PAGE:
The Ulster Pelans seem to be historically concentrated around the townlands of Lisburn - particularly in Lambeg and Tullynacross. Lisburn used to be known as Lisnagarvey until the 1660s. It is widely but erroneously reported that it was renamed after the "Great Fire" of 1707 but contemporary accounts of the fire already refer to the town as Lisburn ("alias Lisnagarvie").
Although Lisburn may seem a small and insignificant place, it has been at the centre of many revolutions - political and industrial - and over the centuries has seen English plantations, French and Dutch settlers, settling by soldiers etc. Lisburn was awarded city status in 2002.
As with their contemporaries, many Pelans migrated to Belfast as the town developed during the industrial revolution of the 19th century. Today most Pelans are found in Belfast or Lisburn (and their respective environs) but there are also those Pelans who have descended from emigrants - to be found in Scotland and England and further afield in the United States, Australia and South Africa, for example. One must take care not to jump to conclusions as some of these Pelans may really be descendant from Brittany or Peláns from Eastern Europe.
So where did the Lisburn Pelans come from ?
Initial Guesses as to their Origins
Taking what we know about Lisburn and its history we can start out with some plausible guesses:
Viking / Scandanavian (Lisburn sits on the river Lagan)
English or Welsh (17th century settlers or soldiers)
Dutch (17th century soldiers or Huguenot affliliates)
Naturally, there is plenty of scope for corruption of spelling and pronunciation over time which might hide the original origins. Does the lack of spread of the name indicate it is relatively new to the area ? If so then it is unlikely to be Gaelic or Scandanavian.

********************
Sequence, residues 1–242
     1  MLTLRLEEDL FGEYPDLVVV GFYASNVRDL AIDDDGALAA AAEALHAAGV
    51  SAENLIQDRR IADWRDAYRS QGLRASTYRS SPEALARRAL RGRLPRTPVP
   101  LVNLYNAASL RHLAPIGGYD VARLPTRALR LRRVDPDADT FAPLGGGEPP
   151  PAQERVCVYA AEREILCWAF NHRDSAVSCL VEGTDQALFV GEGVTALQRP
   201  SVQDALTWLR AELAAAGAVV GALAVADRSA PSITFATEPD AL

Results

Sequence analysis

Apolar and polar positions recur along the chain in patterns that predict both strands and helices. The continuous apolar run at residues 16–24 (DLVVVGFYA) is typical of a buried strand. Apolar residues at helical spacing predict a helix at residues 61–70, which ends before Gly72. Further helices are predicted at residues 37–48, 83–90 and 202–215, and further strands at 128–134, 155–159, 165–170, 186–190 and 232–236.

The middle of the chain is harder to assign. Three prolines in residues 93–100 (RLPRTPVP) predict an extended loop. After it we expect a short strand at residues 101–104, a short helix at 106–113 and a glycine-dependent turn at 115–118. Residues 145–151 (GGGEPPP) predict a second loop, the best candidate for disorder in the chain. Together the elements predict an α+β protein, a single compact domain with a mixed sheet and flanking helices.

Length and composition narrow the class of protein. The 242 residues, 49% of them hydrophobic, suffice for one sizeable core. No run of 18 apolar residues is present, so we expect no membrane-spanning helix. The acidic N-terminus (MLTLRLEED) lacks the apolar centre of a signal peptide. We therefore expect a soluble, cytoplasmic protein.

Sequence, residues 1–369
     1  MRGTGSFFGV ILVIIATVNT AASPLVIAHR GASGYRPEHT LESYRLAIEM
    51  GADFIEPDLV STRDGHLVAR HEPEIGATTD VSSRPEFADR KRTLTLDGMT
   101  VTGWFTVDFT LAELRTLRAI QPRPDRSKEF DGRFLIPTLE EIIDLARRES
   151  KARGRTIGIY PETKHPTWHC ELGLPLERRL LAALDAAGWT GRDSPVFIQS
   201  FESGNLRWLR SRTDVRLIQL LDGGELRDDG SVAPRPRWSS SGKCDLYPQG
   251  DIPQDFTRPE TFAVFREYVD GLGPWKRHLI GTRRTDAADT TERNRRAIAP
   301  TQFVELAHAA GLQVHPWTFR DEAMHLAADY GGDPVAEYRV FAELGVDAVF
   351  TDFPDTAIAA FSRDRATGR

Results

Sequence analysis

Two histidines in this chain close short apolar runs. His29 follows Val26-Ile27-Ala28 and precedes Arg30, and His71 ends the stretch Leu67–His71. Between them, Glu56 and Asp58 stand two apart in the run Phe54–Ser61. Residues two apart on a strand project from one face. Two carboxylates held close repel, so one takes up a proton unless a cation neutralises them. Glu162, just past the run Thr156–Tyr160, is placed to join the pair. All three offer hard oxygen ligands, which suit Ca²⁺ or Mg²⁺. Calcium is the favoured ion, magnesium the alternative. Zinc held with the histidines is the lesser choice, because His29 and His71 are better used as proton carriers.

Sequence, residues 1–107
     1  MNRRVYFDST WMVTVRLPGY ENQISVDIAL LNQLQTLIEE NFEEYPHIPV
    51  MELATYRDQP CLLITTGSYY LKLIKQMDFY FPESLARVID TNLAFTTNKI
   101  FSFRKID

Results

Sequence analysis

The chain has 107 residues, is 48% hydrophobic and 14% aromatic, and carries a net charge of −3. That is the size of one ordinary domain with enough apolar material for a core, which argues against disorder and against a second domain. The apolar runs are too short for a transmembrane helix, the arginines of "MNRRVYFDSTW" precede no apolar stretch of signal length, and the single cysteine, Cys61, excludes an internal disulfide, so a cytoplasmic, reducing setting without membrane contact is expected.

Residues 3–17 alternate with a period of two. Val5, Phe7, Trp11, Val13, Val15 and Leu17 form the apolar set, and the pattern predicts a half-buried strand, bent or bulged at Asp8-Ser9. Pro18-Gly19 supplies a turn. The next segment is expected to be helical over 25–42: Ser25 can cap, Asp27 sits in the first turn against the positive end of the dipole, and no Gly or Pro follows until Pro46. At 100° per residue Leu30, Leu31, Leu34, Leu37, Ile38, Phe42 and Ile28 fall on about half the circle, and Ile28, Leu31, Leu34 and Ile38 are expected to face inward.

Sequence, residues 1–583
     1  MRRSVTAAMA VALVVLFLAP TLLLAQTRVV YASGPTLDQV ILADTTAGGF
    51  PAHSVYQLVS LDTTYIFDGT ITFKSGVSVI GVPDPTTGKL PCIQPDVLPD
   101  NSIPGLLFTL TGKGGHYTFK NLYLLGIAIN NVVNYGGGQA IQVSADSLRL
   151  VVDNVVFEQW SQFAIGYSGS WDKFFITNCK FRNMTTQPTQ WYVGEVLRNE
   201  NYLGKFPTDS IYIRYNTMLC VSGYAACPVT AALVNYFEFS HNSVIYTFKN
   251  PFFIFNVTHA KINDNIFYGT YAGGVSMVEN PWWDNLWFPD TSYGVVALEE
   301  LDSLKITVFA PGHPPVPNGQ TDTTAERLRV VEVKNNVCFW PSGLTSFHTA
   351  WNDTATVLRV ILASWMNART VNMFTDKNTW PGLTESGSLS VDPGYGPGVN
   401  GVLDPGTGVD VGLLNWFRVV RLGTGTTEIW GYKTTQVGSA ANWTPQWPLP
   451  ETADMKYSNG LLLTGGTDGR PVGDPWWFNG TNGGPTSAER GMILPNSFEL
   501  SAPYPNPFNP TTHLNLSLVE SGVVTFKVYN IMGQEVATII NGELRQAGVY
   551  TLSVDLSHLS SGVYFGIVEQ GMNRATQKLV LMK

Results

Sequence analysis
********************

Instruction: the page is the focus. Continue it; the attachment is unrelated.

Phonologically Similar Surnames
The difficulty with determining the origin or meaning of Pelan in Ulster is that one is confronted with a remarkable number of phonologically similar surnames in the region. There are perhaps two classes of these - where the initial letter yields a 'P' sound (/p/ - the 'voiceless bilabial plosive' ) and those where the initial letters are 'Ph' which are pronounced as an 'f' sound (or /f/ in phonology, the 'voiceless labiodental fricative'). Here are some examples:
"P sound" - Palan, Pallen, Pallin, Pallon, Paulin, Pauline, Pellan, Pelling, Pelon, Pillan, Pilon, Plain, Plaine, Polin, Pollen, Pollin, Pullan, Pullen, Pullin
"F sound" - Phelan (as Whelan) - from the Irish "faoláin" or perhaps "faoilean".
One Irish surname reference text suggests that Pelan is simply a variant of Phelan. This would seem to be a straight-forward and easy explanation. However, I was personally sceptical of this for a number of admittedly circumstantial reasons:
The text suggests this without any documented proof - it is simply an assertion because it looks similar not sounds similar.
The "P" and "F" sounds are fairly distinct - could one turn into the other?
The name Phelan is pretty rare in Ulster.
The name Pelan is not widely seen where other Phelans exist.
There is a strong modern tendency to 'correct' Pelan to Phelan.
What about all the other similarly sounding surnames?
I would therefore suggest that the Irish Phelan ("fee-lan") changing to Pelan ("pee-lan" or "pel-lan") isn't as straight-forward as might be assumed. That is not to say that confusion doesn't happen and I am aware of some Ulster records where both Phelan and Pelan occur on the same document transcription. Another possibility was that Pelan is the Ulster anglicization of "faoláin"/"faoilean".
This is further explored in the Ulster statistics section. What was liable to counteract this theory was the presence of a Pelan family in 19th century Wexford however the are ultimately of Ulster origin.